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Nov 20, 2018 4:14 PMPublication: The Southampton Press

More Than A Million Oysters Now In Moriches Bay, Thanks To Program

Oysters ready to be placed in the two oyster beds in Moriches Bay. COURTESY MORICHES BAY PROJECT
Nov 20, 2018 4:14 PM

A record number of roughly 500,000 adult oysters were placed in Moriches Bay on November 12 by the Moriches Bay Project and its partner, Cornell Cooperative Extension of Suffolk County, raising the total number of oysters the project has placed in the bay to almost 1.3 million.

At the end of its fifth summer season, the Moriches Bay Project team collected about 400,000 oysters from three of its floating upwelling systems, or FLUPSYS, and about 100,000 from its four working oyster farms. They then were placed in two undisclosed oyster beds in the bay to filter excess nitrogen and algae, according to Laura Fabrizio, the project’s co-founder and director.

“I’m very proud of my team. They did an incredible job, and I just want to applaud them,” Ms. Fabrizio said. “It’s really important to us that all volunteers and sponsors know that we appreciate what they do.”

In June, the oysters were put into the FLUPSYS facilities—systems that pump nutrient-rich water through holding cells to promote oyster growth—located at the Westhampton Beach Village Marina and the Quogue dock.

The project’s staff and volunteers maintained them on a weekly basis until they were collected in November. They were able to grow over twice as many oysters this season in the FLUPSYS than they did last season, which only grew 150,000 oysters. Ms. Fabrizio said she considered last year a “learning curve” in terms of using the upwelling systems.

The project began placing oysters in the bay at the end of every summer since 2013, 400,000 of which were put in just last year. Upward of 90 percent of all oysters are still living in the beds, the project’s director and co-founder, Aram Terchunian, said, adding that they can live up to 25 years.

Oysters are filter feeders, meaning that they draw in water and digest any particles trapped in their mucus, including harmful pollutants. One oyster filters approximately 50 gallons of water per day, according to the project’s 2017 annual report, meaning that its current 1.28 million oysters will filter around 23 billion gallons of water in a year.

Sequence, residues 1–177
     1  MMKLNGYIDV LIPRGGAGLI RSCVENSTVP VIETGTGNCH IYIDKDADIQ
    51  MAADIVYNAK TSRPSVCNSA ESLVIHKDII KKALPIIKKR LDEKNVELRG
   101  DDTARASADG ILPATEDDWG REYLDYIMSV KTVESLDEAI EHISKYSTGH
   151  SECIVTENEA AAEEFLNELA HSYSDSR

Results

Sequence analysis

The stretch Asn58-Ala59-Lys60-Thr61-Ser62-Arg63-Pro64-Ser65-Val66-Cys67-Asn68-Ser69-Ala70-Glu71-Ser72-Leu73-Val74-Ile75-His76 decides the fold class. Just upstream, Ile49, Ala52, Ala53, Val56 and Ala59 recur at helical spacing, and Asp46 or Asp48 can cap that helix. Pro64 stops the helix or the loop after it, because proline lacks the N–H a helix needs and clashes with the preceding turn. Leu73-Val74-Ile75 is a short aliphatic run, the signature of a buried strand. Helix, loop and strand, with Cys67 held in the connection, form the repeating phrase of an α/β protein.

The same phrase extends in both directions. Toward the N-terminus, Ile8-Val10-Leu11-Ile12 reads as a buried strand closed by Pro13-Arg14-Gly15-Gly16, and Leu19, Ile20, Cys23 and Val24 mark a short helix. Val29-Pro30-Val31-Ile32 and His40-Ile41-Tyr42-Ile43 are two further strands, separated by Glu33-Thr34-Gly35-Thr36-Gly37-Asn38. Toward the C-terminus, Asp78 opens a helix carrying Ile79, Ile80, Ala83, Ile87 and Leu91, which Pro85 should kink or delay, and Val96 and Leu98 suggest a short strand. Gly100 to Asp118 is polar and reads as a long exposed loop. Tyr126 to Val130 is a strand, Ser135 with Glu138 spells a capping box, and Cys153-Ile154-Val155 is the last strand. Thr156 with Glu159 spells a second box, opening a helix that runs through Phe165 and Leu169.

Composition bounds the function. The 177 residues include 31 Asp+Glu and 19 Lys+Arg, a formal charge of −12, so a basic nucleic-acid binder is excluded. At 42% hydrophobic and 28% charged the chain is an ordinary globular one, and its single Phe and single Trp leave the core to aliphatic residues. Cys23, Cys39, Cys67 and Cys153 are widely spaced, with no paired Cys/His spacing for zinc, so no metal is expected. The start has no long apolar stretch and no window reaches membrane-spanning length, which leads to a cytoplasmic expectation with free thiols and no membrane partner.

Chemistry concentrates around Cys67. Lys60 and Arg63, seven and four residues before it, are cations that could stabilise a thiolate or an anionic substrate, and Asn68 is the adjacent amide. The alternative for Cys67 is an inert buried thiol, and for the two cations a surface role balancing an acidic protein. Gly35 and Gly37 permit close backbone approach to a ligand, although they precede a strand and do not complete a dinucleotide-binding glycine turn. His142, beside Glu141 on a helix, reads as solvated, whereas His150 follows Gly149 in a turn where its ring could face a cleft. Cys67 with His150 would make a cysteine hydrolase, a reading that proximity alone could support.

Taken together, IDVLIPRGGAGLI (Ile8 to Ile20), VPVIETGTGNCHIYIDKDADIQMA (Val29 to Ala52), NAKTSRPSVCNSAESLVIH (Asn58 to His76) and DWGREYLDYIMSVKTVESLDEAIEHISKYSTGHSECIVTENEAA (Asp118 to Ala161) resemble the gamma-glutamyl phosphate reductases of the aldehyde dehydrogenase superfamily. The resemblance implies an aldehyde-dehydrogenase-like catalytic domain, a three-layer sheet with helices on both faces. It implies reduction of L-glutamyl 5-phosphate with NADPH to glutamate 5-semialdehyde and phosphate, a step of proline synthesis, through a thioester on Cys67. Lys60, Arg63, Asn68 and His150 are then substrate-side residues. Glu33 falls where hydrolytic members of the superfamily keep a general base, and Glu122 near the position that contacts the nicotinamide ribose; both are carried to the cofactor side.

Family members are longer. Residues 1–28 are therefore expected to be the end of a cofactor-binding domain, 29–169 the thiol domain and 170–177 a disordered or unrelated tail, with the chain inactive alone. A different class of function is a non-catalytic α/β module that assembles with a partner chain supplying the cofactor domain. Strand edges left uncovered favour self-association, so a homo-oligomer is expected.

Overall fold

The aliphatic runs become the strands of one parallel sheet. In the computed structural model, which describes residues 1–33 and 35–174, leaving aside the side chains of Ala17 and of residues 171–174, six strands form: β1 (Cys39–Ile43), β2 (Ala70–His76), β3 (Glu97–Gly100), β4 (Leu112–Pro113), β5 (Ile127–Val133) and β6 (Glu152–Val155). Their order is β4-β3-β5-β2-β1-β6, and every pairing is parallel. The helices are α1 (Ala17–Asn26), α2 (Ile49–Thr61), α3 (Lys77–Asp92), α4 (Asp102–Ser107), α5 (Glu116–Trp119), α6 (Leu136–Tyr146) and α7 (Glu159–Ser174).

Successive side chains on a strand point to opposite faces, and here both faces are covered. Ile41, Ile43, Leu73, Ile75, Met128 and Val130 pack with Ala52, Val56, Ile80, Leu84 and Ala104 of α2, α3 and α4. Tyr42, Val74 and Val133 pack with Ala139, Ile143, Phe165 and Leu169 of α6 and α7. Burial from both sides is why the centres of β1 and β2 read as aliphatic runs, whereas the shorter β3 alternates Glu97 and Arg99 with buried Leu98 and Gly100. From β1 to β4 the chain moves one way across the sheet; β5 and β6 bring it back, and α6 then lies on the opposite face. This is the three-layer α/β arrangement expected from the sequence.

The U.S. Environmental Protection Agency and the New York State Department of Environmental Conservation have identified Moriches Bay as having excess nitrogen, according to the project’s annual report, so the oysters help lower the amount of nitrogen in the water. Last year’s 775,000 total oysters removed 478 pounds of nitrogen in a year. This year’s nearly 1.3 million oysters are expected to remove around 787 pounds of nitrogen in a year.

“We’re trying to clean the bay, one oyster at a time,” Ms. Fabrizio said.

Being a nonprofit organization, the project relies completely on the help of sponsors and volunteers. BNB Bank, Discovery Land Company, the local solutions management company SMI and the Patchogue-based Knapp-Swezey Foundation all supported this enterprise. Most of their volunteers are students from nearby schools. Mr. Terchunian said that the project team spends the winter months every year visiting schools to recruit volunteers for the following summer oyster farming season.

Mr. Terchunian mentioned how, to their surprise, they have begun to see young oysters naturally growing in the bay, seeded from their oyster beds.

“Up until we started seeding oyster beds in 2013, there were no oysters in Moriches Bay. They’ve been fished out decades ago,” Mr. Terchunian said, adding that oysters like freshwater seeps, the area where freshwater from land seeps into the bay and mixes with the salt water. “That’s where oysters will naturally propagate. There’s at least two to three different areas along the barrier island shoreline along Moriches Bay.”

Next summer, Mr. Terchunian said that the Moriches Bay Project wants to build oyster reefs in Moriches Bay, an area in Brookhaven and in Quantuck Bay. He said that they first need to get regulatory approval from town boards.

The high number of oysters may be removing some of the nitrogen, but the overall concentration of nitrogen in the bay is only increasing.

The project’s Moriches Bay Observation System, the only real time 24/7 nitrogen sensor on the South Shore, recorded nitrate nitrogen levels in the bay at 99.8 parts per million on November 19. Exactly one year ago, nitrate nitrogen levels were recorded at 31 ppm.

For context, drinking water is considered unsafe to drink if it contains more than 10 ppm of nitrate nitrogen, according to EPA regulations.

This increasing nitrogen level could be caused by fertilizers, waste water, atmospheric deposition and animal wastes, which can then stimulate excess growth of algae and harm marine life, according to the EPA National Aquatic Resource Surveys.

The Moriches Bay Project is also working to restore the eelgrass beds in the bay, which Mr. Terchunian said has declined dramatically within the last couple decades. Harvesting and transplanting eelgrass is not as easy as growing oysters—Mr. Terchunian said it is “very labor intensive and requires a high skill set”—so they have been collaborating with researchers to find the most efficient method for eelgrass restoration.

“Eelgrass and oysters are keystone species … you can’t have the rest of the ecosystem without them,” he said.

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Great project, but we have to get to the problem of where the pollution is coming from...
By knitter (1537), Southampton on Nov 27, 18 10:58 AM
See the advanced septic system article posted today.
By johnj (918), Westhampton on Nov 27, 18 12:00 PM
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